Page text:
Advices 12, 13 & 14 of the Elders at Balby
12.- That the necessities of the poor, widows and fatherless, may be truly supplied, and that such as are able to work, and do not, may be admonished: and if, after admonition, they refuse to work, then let them not eat. And that the children of such as are in necessity, be put to honest employment; that none be idle in the Lord's vineyard.
Comment: This advice recalls Advice No. 5, already discussed, in which it is advised that Friends make and properly administer collections "for the poor (that are so indeed)". Here, however, the qualification only hinted at with that phrase "that are so indeed" is made more explicit. The elders evidently wanted Friends to make sure that they cared for those who were truly poor, but not to enable (as we might phrase it today) any one whose poverty sprang from a simple refusal to work. Much of the language here (as in all these advices) comes directly from the Bible, including "let them not eat". We have to wonder how this advice was actually applied. Was tender love or "tough love" predominant? Who made the determination of whether a given poor person was unable to work or simply didn't want to? Was it understood that work should be fairly compensated and not under oppressive conditions? There are loopholes here that could be exploited for hard-hearted abuse. That wouldn't be a problem, however, if the advices were read "in the spirit" as their famous postscript urges, rather than in the letter.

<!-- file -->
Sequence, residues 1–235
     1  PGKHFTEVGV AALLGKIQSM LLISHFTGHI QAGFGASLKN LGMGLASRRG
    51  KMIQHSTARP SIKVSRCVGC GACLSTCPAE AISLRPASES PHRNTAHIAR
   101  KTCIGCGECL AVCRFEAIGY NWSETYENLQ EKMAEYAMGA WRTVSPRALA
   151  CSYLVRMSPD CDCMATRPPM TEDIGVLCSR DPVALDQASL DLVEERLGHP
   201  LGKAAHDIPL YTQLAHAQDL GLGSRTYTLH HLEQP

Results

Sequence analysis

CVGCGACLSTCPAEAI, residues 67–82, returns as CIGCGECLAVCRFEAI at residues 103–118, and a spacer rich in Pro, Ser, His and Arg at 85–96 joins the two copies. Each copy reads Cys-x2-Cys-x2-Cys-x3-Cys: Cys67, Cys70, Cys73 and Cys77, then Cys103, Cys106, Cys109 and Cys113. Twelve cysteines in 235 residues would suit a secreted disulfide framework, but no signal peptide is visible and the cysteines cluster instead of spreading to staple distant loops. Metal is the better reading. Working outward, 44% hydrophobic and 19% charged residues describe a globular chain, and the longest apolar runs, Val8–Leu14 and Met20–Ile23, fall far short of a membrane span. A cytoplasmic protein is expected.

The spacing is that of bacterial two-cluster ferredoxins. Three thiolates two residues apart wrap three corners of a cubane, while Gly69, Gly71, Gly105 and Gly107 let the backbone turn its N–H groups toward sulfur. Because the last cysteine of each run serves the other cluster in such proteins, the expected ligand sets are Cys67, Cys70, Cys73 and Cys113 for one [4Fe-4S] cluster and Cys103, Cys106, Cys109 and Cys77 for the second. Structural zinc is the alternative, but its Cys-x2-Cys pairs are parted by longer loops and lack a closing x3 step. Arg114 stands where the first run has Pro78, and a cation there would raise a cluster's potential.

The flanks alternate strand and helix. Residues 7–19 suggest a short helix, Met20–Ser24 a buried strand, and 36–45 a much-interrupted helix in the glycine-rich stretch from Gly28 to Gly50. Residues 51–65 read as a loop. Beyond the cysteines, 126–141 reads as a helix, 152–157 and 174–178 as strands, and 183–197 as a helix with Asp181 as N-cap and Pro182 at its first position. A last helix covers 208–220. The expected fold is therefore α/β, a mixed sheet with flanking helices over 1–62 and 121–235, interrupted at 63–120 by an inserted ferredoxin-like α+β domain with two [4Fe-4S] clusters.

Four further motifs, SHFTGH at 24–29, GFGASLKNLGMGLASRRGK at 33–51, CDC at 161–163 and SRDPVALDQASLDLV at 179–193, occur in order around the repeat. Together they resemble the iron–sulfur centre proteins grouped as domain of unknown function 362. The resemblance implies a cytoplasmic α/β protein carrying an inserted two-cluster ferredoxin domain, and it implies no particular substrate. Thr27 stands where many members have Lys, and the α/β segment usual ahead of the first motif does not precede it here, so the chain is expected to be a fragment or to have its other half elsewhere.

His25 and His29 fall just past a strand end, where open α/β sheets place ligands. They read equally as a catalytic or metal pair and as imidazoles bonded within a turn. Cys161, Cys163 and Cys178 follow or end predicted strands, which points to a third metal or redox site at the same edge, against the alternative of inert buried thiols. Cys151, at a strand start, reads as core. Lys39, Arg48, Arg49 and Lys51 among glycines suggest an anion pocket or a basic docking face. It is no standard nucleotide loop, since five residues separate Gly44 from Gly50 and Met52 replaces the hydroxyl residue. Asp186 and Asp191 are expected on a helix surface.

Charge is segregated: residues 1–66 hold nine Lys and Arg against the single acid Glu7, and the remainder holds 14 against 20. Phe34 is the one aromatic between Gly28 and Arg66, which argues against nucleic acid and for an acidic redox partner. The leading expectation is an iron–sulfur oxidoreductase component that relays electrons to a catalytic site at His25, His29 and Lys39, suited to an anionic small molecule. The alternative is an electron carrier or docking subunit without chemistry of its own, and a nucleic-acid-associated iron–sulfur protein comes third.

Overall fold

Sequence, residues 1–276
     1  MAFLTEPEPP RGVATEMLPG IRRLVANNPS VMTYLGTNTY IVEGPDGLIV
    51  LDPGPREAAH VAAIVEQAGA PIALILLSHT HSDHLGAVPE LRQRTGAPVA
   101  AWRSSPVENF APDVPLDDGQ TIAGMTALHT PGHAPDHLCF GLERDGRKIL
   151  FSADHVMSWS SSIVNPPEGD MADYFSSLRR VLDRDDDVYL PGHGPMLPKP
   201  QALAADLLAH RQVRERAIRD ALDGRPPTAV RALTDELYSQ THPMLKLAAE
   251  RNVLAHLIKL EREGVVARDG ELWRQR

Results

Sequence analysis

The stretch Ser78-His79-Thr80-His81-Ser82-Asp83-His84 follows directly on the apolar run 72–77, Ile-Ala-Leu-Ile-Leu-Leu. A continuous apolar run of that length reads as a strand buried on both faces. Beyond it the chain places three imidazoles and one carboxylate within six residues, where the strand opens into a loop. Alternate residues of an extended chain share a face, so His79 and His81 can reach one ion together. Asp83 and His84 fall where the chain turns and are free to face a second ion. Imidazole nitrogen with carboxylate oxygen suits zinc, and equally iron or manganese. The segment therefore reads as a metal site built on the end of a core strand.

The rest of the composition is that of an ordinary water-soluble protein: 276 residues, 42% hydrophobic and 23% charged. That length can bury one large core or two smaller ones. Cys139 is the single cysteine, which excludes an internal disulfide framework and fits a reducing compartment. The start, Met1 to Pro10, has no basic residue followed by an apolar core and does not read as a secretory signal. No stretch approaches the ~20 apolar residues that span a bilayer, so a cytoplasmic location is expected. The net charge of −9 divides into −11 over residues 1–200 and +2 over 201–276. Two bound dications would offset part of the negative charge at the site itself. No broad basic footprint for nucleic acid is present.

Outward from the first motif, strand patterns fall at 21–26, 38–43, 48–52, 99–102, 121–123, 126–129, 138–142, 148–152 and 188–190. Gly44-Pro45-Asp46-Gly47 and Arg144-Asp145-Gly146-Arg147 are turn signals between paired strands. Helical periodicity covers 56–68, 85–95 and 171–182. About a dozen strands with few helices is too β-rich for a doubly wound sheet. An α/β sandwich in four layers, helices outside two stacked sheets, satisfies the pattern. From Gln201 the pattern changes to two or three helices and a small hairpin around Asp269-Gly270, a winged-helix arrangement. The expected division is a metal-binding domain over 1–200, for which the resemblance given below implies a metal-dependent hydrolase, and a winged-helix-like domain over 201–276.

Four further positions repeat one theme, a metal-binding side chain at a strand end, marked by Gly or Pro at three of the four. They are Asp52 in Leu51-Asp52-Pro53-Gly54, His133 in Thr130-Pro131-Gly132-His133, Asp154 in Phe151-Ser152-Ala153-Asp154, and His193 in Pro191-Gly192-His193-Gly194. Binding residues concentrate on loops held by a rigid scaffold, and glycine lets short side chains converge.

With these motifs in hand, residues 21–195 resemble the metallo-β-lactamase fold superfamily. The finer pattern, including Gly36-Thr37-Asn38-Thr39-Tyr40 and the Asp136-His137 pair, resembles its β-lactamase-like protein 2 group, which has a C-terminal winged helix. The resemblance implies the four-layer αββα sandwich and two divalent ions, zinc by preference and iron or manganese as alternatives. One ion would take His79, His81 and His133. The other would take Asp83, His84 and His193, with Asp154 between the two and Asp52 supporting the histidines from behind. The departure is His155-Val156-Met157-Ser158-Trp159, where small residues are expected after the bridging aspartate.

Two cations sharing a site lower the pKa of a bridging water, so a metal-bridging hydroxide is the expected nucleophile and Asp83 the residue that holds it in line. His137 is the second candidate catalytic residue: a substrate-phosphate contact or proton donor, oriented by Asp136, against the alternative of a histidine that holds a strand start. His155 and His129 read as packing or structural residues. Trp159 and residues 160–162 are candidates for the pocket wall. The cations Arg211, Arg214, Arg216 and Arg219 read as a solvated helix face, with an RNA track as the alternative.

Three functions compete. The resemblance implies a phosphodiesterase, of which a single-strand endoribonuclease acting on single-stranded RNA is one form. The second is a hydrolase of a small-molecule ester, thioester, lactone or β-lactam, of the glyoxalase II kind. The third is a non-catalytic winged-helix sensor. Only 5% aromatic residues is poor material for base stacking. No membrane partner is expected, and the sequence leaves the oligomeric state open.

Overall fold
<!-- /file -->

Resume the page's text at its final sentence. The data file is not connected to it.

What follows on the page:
13.-That care be taken, that as any are called before outward powers of the nation, that in the light, obedience to the Lord be given.
Comment: This seems to mean "obey God rather than men", but the meaning is not made explicit. I noticed that this advice was recently quoted in a document published by the Friends Committee on National Legislation. FCNL assumed that being called before the "outward powers of the nation" meant being pressed into military service. Sounds likely, but I would like the opinion of an historian. Remember that these advices pre-date the declaration to King Charles against wars and fightings with outward weapons.
14.-That if any be called to serve the commonwealth in any public service, which is for the public wealth and good, that with cheerfulness it be undertaken, and in faithfulness discharged: and that therein patterns and examples, in the thing that is righteous, you may be, to those that be without.
Comment: I just received a jury summons. Is that a case in point?
Labels: Balby advices